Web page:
kestrel, walking
Ad 2:
2019-07-31 00:49:47 (UTC)

Prompt 035: Knowing My Own Future

35. If you saw far into your own future, how would it change the way you live your life and why? How would your knowledge affect the people around you?
I remember reading a short story by John W. Campbell - the guy who wrote "Who Goes There?", the story that inspired John Carpenter's "The Thing" - that dealt with the notion of a trio of friends who could divine their futures with a device. I remember it being a kind of radio-like machine, with dials and knobs the three friends would manipulate to determine their various futures. There would be diagrams revealed, kind of like branching paths of a flowchart, representing the various paths their future would take. I also recall that one of the three somewhat dreaded their future, since their branchings and pathways were relatively short compared to those of his fellows. Another of the three obsessed over seeing into his future, staying awake and alone with the machine for days, diagramming all the possible outcomes to his future and how to approach the most effective one.

It's curious to think of my future as "mappable" or otherwise perceptable in that way. I wonder if I would end up like one of those two friends in the story. One was living in constant fear and anxiety, knowing that their end was nigh. The other was obsessed with "maximizing" his own future, meticulously optimizing every decision to be made along the way.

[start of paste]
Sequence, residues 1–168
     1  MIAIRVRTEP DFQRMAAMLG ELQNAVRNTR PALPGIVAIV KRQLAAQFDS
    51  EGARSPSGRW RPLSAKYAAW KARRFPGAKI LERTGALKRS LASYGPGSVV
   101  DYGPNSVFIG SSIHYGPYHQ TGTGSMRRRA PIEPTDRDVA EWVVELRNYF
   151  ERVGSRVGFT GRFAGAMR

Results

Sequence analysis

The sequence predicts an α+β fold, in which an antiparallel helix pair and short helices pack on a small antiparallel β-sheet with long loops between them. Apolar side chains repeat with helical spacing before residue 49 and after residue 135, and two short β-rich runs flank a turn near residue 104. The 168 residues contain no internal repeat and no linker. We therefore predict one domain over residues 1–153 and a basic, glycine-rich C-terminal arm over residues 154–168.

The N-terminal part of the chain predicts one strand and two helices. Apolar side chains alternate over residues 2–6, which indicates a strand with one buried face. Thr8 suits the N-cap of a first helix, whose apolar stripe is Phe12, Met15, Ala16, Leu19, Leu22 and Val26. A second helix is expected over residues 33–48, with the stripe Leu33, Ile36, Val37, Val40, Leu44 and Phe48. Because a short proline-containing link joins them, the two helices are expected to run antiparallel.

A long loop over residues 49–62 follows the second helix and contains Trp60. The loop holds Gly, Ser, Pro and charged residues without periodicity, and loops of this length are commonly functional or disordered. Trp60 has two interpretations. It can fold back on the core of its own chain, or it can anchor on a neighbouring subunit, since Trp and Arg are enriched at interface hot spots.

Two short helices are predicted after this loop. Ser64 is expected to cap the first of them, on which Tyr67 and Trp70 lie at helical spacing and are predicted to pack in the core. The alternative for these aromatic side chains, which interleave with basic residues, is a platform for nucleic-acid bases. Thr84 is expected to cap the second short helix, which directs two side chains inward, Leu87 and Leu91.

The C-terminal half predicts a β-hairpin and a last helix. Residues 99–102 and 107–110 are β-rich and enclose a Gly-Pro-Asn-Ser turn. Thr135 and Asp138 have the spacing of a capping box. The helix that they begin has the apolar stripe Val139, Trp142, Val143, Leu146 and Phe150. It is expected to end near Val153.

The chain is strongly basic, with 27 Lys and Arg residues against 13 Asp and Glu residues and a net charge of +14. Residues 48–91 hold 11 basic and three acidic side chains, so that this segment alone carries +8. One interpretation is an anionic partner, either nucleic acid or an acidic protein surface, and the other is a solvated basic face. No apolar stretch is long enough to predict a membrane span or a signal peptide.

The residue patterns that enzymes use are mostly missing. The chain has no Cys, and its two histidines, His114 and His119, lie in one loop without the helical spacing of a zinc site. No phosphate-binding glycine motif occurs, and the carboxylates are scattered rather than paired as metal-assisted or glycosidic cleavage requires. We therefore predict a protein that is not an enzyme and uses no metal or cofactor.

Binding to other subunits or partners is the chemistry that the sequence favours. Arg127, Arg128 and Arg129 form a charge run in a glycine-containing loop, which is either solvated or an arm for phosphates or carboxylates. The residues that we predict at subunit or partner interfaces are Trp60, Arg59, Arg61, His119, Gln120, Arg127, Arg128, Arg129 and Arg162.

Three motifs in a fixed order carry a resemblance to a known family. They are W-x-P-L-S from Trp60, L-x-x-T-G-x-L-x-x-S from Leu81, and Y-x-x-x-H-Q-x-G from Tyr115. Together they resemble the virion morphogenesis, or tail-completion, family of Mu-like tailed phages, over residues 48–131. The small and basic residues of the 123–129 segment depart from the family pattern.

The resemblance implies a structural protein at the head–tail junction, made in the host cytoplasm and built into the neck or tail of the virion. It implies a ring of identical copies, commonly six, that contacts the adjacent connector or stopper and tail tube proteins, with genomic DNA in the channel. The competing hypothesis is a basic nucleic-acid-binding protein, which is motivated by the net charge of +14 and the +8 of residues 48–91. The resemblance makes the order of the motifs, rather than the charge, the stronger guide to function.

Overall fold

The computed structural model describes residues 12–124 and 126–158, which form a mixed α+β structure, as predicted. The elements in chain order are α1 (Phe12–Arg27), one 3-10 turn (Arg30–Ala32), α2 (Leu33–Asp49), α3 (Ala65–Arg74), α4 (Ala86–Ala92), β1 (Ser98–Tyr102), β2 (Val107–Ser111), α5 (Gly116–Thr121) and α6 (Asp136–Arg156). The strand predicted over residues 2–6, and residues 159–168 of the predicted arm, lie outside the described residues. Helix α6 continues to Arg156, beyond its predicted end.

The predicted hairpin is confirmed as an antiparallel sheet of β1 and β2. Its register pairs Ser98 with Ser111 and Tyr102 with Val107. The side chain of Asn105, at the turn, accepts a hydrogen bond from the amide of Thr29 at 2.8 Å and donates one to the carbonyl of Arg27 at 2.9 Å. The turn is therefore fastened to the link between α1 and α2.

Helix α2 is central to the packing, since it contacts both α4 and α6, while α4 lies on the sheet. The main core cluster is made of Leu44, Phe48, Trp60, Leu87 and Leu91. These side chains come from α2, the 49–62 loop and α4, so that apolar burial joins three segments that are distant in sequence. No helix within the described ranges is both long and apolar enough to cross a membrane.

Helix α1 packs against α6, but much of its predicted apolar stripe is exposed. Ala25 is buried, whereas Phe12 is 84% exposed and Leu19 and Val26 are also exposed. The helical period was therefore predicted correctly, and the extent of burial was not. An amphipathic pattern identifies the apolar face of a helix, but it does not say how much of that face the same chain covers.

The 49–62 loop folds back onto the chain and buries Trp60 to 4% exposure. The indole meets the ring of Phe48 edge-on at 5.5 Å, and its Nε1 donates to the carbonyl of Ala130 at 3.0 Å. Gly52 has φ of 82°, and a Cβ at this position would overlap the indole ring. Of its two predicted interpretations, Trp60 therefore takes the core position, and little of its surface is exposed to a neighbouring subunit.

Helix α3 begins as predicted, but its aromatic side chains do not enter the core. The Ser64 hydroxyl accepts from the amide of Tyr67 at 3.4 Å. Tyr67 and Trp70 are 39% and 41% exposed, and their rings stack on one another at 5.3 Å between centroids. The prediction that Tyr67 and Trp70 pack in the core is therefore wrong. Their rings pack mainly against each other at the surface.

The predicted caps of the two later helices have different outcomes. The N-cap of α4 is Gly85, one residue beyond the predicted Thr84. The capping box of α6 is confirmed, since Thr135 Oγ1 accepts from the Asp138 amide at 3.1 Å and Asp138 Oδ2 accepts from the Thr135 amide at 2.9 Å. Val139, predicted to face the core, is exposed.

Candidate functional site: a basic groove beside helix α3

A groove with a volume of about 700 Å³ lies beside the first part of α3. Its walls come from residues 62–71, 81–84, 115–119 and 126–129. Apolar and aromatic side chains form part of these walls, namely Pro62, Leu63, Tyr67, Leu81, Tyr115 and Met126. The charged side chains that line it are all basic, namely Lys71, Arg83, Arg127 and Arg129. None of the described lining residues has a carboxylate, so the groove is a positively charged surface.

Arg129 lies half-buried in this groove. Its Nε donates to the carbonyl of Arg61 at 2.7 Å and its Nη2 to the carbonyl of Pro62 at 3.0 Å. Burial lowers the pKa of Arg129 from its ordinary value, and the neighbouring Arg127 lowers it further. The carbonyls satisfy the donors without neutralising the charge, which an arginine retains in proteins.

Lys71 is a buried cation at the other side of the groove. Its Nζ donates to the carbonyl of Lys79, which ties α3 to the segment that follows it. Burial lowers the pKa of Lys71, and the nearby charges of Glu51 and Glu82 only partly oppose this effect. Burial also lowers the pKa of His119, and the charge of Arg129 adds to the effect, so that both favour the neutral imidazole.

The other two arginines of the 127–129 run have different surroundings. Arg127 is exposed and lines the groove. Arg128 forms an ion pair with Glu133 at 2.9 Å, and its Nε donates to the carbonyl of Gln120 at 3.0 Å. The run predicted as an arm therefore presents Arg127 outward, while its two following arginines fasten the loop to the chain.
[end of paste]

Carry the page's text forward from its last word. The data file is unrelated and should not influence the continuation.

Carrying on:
Given the choice, of course, I would prefer the latter option. Although draining and a stressful encounter, it would be worth all the anguish in the end if I were certain my future would turn out optimal. I think life itself, for the average person, is fraught with anxiety, simply because the future is unknown and unwritten, and there's no way for us to figure it out beforehand (though we may feel it possible to predict it). I also think that spending two days in solitude, solely focused on plotting out your future would be an excellent opportunity (if somewhat odd). It's paying it forward to your future self: something a lot of people who focus on "instant gratification" never seem to want to do.

Imagine if there was a way to plot out your own future. More interestingly: what if it were required to be done as part of an assignment in school, like you wouldn't receive your high school diploma without submitting a fully-complete "future report and portfolio" as part of your final exam?


This also reminds me of a recent speech I watched, referenced in a recent Goal Reflection. Arnold Schwarzenegger spoke on his rules for success. The first was to "have a vision." Have clarity on what you want in your future, and where you want to be later in life. The upshot of this is that you can instantly tell - no matter what you are doing - whether or not you are moving closer or further away from your ideal future. To know if what you are doing right now is helping you or hindering you... Like, articulating my thoughts at this very moment: are they moving me closer to the future that I want, or are they sabotaging me: encouraging me to shoulder more obligations, pressures, and stresses in the pursuit of an "ideal life"?

If anything, being able to see one's future - mundane or magnificent, long or brutally short - would at least provide certainty in an uncertain world.